verb (used with object)
to cut down, reduce, or diminish; curtail (expenses).
to cut off or remove.
Military. to protect by a retrenchment.
verb (used without object)
to economize; reduce expenses: They retrenched by eliminating half of the workers.

1600–10; < French retrencher (obsolete variant of retrancher), Middle French retrenchier, equivalent to re- re- + trenchier to trench

retrenchable, adjective
retrencher, noun
unretrenchable, adjective
unretrenched, adjective

1. decrease, abridge, cut. Unabridged
Based on the Random House Dictionary, © Random House, Inc. 2014.
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World English Dictionary
retrench (rɪˈtrɛntʃ)
1.  to reduce or curtail (costs); economize
2.  (tr) to shorten, delete, or abridge
3.  (tr) to protect by a retrenchment
[C17: from Old French retrenchier, from re- + trenchier to cut, from Latin truncāre to lop; see trench]

Collins English Dictionary - Complete & Unabridged 10th Edition
2009 © William Collins Sons & Co. Ltd. 1979, 1986 © HarperCollins
Publishers 1998, 2000, 2003, 2005, 2006, 2007, 2009
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Word Origin & History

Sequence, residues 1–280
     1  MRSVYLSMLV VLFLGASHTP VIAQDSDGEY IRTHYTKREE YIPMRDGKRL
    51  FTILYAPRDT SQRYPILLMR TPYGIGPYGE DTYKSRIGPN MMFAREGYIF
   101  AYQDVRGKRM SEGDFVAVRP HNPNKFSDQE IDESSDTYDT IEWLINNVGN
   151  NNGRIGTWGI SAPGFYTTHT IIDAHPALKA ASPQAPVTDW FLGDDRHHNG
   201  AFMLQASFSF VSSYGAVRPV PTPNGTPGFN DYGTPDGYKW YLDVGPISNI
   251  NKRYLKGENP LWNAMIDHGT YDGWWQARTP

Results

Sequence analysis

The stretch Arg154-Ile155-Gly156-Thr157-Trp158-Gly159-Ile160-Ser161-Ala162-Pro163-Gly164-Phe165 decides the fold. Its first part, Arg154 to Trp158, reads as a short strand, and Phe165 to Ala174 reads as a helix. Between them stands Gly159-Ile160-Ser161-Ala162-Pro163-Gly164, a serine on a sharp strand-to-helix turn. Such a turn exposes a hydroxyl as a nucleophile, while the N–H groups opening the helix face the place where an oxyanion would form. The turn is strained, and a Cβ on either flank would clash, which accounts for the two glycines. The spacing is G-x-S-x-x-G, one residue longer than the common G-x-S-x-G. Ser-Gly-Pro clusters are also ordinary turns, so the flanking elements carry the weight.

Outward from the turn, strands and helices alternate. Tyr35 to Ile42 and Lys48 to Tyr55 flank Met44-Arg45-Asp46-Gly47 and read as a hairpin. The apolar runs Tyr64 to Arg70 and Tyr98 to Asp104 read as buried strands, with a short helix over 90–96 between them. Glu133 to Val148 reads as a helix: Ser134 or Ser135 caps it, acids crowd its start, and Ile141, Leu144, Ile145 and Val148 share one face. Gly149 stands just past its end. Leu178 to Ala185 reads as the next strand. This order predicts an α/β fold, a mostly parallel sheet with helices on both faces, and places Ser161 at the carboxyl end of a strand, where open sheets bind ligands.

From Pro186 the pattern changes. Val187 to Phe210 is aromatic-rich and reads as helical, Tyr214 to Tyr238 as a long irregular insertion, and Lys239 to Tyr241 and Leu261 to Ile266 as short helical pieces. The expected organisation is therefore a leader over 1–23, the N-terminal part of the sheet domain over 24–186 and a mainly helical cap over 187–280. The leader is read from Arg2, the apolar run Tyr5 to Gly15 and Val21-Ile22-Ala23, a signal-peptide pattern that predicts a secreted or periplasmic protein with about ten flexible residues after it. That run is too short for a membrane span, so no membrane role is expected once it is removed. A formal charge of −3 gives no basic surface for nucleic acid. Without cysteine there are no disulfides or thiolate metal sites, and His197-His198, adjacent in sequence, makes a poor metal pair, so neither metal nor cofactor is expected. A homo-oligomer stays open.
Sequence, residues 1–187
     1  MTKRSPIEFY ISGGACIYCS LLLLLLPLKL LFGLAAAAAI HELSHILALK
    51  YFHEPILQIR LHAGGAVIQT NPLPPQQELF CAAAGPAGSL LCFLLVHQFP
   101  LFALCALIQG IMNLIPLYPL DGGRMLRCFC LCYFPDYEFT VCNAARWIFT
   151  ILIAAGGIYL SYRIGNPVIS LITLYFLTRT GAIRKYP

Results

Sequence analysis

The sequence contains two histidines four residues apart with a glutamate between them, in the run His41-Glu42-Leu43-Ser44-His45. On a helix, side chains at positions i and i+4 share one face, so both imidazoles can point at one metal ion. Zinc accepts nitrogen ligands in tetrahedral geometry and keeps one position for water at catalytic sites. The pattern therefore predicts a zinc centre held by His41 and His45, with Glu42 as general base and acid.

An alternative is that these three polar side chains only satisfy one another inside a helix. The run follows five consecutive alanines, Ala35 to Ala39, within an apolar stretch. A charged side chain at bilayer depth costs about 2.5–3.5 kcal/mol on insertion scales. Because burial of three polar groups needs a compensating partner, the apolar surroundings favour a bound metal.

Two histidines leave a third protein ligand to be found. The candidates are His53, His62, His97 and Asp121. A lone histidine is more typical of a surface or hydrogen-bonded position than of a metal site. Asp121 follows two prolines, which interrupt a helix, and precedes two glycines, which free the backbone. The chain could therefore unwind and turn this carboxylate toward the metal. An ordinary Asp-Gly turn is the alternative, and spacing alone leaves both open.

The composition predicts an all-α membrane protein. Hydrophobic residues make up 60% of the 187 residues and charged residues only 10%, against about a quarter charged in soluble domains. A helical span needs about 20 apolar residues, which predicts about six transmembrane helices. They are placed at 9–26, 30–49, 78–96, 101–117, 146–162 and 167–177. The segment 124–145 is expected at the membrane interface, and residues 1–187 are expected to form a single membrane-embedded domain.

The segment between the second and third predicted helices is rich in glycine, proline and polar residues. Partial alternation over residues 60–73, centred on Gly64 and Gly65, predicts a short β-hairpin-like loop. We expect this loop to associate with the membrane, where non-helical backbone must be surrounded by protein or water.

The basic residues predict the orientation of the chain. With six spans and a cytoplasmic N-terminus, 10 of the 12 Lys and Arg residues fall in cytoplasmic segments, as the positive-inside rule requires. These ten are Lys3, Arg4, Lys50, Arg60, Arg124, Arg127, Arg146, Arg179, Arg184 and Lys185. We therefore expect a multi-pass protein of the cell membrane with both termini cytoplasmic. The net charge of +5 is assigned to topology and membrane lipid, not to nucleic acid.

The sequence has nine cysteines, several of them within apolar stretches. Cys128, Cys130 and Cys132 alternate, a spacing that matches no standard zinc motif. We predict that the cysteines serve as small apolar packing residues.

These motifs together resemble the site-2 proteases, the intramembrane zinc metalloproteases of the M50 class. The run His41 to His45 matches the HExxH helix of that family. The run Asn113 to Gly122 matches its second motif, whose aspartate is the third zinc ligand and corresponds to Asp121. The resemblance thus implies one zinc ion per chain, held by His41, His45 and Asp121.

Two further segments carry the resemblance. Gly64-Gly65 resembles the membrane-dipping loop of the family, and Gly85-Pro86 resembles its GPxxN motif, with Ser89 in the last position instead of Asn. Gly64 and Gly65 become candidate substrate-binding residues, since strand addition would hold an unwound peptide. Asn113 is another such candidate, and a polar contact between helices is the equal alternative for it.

1598, "dig a new trench as a second line of defense," from Fr. retrencher "to cut off," from re- "back" + O.Fr. trenchier "to cut." Sense of "cut down, reduce (expenses, etc.)" is from 1625.
Online Etymology Dictionary, © 2010 Douglas Harper
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Example sentences
Proponents of these measures fear that businesses will retrench as prices fall
  and their debts rise, creating a vicious circle.
Wal-Mart, though, is looking to expand overseas while the others retrench.
If rates go too high, consumers might retrench abruptly, which would cause a
  sharp economic slowdown.
The company continued to retrench and disappoint investors.
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